Before you commit to treating pelletized food as if it were a liquid, mock up a test out of cardboard or balsa wood. If you can't control the amount dispensed, use a different design. A good mechanical design can minimize the sensing requirement and simplify the control requirements.
Quantize. Use a fixed-volume dispensing chamber and count the number of volumes dispensed. That is much more certain than assuming a flow rate and inferring volume from time.
Avoid slides; they tend to stick unless carefully machined. Food will get onto the slideway. (Do the drawers in your dresser always move easily?)
I can think of a simple dispenser that embodies these principles, but I leave the final design to you unless you ask for more guidance. If the dispensing motion is a complete circle, only one end-point sensor is needed, and it can be the dose counter also. Moreover, with that action, the need to reverse the motor can be avoided, allowing a cheaper motor and a simpler circuit.
Jerry
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Then what is the signal the PIC needs to see? Is that firmware already existing, or will it be programmed for this application. If its going to be custom, you don't need any circuitry at all-- Just two potentiometers going between Vcc and ground, with the wipers going to analog inputs on the PIC.
Keep the pots fairly small, like 2kiloohms. The input impedance of the PIC A/D modules isn't great.
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down
teacher
a
on
You should be starting to see how defining the problem actually leads you to the solution.
I suggest that you think incrementally, ie. what are the basic elements that you have to build for starters. They should be things that work by themselves, or in conjunction with stuff that you've built previously. The basic input/output elements are good first candidates. In the process of building these basic elements, you'll come across things that you didn't think of, and that need to be addressed. That's fine, it's better to do it that way, and achieve solid basic elements of your system, rather than to build the whold thing and find there are deficiencies in the fundamental elements. Engineering is littered with failures caused by not addressing problems thoroughly when they were first encountered, often in the interests of 'the schedule'.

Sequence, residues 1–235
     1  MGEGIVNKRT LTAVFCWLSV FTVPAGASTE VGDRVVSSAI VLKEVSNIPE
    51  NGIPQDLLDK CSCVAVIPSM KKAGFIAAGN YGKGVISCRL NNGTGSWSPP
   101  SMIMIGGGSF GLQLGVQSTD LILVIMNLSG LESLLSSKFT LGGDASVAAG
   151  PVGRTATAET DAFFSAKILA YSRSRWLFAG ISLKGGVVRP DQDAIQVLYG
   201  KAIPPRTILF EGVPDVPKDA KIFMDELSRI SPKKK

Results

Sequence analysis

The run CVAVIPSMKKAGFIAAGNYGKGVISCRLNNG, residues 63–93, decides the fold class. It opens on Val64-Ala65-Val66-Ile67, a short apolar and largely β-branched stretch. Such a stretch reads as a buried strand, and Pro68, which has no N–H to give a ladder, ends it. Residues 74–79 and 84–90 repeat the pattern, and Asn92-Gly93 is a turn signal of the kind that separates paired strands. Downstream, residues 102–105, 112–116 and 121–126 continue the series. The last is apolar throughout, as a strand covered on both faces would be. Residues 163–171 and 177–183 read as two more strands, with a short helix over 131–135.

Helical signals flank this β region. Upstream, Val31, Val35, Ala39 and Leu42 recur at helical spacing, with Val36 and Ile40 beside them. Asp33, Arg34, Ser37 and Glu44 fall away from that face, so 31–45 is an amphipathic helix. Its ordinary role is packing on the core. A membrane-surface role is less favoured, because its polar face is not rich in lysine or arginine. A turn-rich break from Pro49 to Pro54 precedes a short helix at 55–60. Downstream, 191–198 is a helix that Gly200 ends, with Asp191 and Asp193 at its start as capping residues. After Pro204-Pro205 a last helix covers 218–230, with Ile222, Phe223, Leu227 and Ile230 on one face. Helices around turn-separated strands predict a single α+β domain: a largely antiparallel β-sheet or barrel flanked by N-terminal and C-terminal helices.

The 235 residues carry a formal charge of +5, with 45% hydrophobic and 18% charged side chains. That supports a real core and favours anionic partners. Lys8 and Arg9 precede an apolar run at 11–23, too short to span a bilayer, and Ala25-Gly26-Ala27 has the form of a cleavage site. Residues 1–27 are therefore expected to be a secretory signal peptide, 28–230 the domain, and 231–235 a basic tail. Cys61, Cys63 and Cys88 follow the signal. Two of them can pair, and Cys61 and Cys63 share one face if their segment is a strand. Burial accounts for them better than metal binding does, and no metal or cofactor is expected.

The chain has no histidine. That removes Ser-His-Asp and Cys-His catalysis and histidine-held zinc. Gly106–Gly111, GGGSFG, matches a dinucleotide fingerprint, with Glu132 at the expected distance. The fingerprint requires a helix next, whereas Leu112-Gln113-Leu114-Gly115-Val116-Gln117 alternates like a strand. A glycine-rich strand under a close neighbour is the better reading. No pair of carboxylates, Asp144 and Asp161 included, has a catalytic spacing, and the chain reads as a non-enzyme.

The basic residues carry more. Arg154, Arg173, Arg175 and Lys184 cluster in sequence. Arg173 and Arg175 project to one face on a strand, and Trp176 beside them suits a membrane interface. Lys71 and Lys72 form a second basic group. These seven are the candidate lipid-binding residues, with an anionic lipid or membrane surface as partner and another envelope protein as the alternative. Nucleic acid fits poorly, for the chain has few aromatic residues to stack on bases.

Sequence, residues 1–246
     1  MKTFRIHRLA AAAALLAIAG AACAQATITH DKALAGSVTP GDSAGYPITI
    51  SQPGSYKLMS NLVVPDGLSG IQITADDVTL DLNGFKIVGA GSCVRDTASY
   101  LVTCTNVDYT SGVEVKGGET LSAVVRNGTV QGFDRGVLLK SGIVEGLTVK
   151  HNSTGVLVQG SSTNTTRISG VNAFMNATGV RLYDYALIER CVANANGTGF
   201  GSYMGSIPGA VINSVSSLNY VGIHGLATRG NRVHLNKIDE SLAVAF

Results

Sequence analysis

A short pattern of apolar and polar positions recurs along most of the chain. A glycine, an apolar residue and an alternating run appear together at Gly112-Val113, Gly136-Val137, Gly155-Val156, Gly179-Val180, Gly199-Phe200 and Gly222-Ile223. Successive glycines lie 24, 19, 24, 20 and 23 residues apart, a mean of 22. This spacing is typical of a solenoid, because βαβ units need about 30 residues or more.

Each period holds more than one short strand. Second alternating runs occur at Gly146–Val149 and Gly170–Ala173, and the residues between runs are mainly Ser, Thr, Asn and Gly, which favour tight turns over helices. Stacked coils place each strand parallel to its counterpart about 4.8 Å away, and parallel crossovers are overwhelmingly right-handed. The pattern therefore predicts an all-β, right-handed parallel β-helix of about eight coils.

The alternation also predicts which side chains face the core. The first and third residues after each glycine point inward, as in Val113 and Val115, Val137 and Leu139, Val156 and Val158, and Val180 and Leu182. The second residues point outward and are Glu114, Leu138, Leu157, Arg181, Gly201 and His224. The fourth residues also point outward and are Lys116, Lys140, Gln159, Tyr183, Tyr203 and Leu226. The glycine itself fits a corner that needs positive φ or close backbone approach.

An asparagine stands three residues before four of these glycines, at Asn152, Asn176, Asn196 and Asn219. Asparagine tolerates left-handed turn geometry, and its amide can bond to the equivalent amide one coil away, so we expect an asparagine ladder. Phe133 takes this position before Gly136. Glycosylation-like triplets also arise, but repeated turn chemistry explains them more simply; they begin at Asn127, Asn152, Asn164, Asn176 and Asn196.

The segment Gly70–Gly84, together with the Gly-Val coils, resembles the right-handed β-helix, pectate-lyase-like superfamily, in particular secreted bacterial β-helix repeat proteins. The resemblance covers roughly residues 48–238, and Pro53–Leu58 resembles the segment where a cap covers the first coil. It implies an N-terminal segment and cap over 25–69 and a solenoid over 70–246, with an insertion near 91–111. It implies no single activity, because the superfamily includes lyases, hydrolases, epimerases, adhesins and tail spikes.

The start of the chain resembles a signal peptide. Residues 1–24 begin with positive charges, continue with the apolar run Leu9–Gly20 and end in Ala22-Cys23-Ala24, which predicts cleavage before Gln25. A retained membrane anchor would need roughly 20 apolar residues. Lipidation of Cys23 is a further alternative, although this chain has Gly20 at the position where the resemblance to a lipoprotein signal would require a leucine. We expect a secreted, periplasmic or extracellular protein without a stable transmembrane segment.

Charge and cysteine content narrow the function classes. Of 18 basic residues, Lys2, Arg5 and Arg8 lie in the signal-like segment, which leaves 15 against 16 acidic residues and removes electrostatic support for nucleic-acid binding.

Another useful mindset I apply sometimes is something I call 'support structure'. You think of all the support functions that you need, and create them. Then it's just a matter of linking them together, if you do it right, that can be a simple exercise.
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James Sherlock wrote:

How would you respond to "I just bought a vehicle and I need to equip it. Can you offer helpful suggestions?"
What do the circuits supposed to accomplish? (Be specific.) What are they made out of? (Discrete components? ICs? PLC? Microcontroller? Other?) Jerry
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Use the PIC w/ A/D input pots to control a Power MOS driver chip that turns a low speed DC gearmotor ( like in vending machines ) to drive a screw in a tube to feed the feed from an over the tube hopper and out the other end to the feed tray.
The control could also be a 556 dual timer, where the pots control the duty cycles of the cascaded one-shot timers. Do a google search for circuits.
Time delay relays would also work.
A varible speed gearmotor driven disc with a hole to control a shot of feed from bottom of hopper would also work. Faster = more fixed shots of feed.
Dennis
James Sherlock wrote:

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^^^^^^^^^^^^^^^^^^^^^^^^^^^^^^
A rather unfortunate choice of words, but thanks for the laugh first thing in the morning!! ... (thinking hopper and pneumatic conveyor with all these little hamsters being fed into some process lemming-like)
P'raps I've been working too hard.. ;-)
Cameron:-)